You Can’t Have It All

Buried in my iTunes rotation is a 1986 song by the singing duo The Judds. It’s called “Grandpa (Tell Me ‘Bout the Good Ol’ Days)” and the song became the sixth Number One hit The Judds enjoyed on Billboard’s Hot Country Singles charts. They earned a 1986 Grammy for the song, capturing Best Country Performance By A Duo or Group.The Judds

The song came up today in my music rotation, and although it’s not one of my favorites, I let it play. As I half-listened to the lyrics, I thought about the nostalgia we often entertain for that mythical period we refer to as the Good Ol’ Days. With this particular song from twenty-eight years ago, Grandpa hearkens back to values from an even earlier era.

Specifically, the song talks about a “yesterday when the line between right and wrong didn’t seem so hazy.” The songwriter asks:  Did lovers really fall in love to stay … stand beside each other, come what may? Was a promise really something people kept … did families really bow their heads to pray, did daddies never go away?” The lyrics infer those Good Ol’ Days represented a time worthy of our reconsideration.

Cartoon by Glenn McCoy

Cartoon by Glenn McCoy

Early in my life, I made a conscious decision that as I became an older person, I wouldn’t talk about and idealize the Good Ol’ Days. Even the Good Ol’ Days that I remember were fraught with problems as they are in every era. Since the Garden of Eden, man has demonstrated his sinful bent … there’s no reason to think that will change this side of Heaven.

But there are certain verities that shouldn’t be cast off from one era to the next. Lovers really falling in love to stay? Promises made to be kept? Daddies never going away? Yes, as a remnant of the Good Ol’ Days, those values nevertheless deserve to be retained. Ask the spouse who’s been betrayed by callously broken promises. Ask the child whose daddy has heedlessly disappeared. Sure, all of us live through disappointment, but the result of those body blows (figuratively speaking) usually means long-term brokenness and unnecessary cynicism.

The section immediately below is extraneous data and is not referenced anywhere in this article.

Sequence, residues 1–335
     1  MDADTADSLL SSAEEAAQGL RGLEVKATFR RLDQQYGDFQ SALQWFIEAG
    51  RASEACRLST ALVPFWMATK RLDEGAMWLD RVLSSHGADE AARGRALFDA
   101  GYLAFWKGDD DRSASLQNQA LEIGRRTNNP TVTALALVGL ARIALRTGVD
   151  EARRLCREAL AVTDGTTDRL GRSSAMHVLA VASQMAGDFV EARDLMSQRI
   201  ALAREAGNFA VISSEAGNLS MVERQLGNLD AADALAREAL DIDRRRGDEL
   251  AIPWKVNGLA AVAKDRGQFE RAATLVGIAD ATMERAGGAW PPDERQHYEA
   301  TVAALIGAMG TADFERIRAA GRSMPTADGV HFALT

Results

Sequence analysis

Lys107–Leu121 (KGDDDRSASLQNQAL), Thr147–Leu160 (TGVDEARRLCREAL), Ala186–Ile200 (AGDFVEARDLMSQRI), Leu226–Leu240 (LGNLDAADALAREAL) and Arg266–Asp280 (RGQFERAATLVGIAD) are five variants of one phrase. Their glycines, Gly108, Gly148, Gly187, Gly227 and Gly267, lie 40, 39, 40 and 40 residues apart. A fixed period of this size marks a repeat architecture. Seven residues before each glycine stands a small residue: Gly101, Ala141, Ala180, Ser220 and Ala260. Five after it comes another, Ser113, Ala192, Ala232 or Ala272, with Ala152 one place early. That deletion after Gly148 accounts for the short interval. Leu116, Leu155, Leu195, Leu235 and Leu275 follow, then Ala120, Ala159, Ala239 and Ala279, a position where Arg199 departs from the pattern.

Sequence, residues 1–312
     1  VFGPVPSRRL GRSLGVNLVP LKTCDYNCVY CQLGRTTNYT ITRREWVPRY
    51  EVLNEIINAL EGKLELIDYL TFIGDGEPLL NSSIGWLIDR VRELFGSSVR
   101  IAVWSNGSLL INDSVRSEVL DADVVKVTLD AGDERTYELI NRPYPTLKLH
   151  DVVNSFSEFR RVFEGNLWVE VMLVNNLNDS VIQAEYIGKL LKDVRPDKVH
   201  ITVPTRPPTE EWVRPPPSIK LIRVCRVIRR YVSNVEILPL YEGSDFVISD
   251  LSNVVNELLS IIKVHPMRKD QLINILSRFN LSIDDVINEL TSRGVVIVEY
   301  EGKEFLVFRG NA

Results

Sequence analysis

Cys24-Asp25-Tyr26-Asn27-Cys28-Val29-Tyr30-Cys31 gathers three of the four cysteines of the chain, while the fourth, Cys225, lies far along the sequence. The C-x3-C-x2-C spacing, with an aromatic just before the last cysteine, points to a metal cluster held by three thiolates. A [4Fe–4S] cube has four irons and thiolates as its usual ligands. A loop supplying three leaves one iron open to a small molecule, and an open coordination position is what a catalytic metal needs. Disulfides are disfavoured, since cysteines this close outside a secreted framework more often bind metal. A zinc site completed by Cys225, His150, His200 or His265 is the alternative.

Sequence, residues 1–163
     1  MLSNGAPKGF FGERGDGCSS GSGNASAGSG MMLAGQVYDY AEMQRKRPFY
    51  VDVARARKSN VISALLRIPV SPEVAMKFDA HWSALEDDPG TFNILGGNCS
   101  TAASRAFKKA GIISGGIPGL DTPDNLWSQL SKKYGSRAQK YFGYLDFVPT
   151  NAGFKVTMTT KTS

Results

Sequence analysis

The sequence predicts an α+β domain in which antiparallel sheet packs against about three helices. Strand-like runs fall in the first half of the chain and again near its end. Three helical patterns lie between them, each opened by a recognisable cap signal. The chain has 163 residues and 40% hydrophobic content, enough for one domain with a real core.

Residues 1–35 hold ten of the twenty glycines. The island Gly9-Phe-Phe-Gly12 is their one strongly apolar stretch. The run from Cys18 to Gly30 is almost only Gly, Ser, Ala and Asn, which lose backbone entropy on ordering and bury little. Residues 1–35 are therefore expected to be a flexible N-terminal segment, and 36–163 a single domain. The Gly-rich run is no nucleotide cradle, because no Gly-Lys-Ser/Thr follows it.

The+Good+Old+DaysAs I listened to the lyrics of Grandpa, in the back of my mind I was thinking about an article I’d read earlier in the day. Titled Gay marriage and the death of freedom, writer Brendan O’Neill observes that the current “Freedom to marry” movement carries with it a harsh reality. He states:  everywhere gay marriage has been introduced it has battered freedom, not boosted it. Debate has been chilled, dissenters harried, critics tear-gassed … ‘freedom to marry’ has done more to power the elbow of the state than it has to expand the liberty of men and women.

A sobering assessment. O’Neill cites examples from France, America and Britain that illustrate how dissenting viewpoints have been inexorably trod underfoot to be replaced by this 21st century orthodoxy. (The Good Ol’ Days were a less enlightened era, don’cha know … These New and Better Days promise progress and utopia.)

As gay marriage ideology rages across the landscape in its conquering moral crusade, freedom to believe in natural marriage, freedom to speak from religious or moral conviction and freedom to exercise conscience in work- and home-life will all be subsumed to the collective vision of these New and Better Days.

And lest it be suggested these conquerors are not waging what I contend is a “moral crusade,” I have but one response. Morals are defined as generally accepted customs of conduct and right living in a society. When the “freedom to marry” viewpoint trumps freedoms of conscience and speech, its bulldozer decimates the liberty of anyone who dares dissent. A new morality takes over … and liberty will disappear.

Renée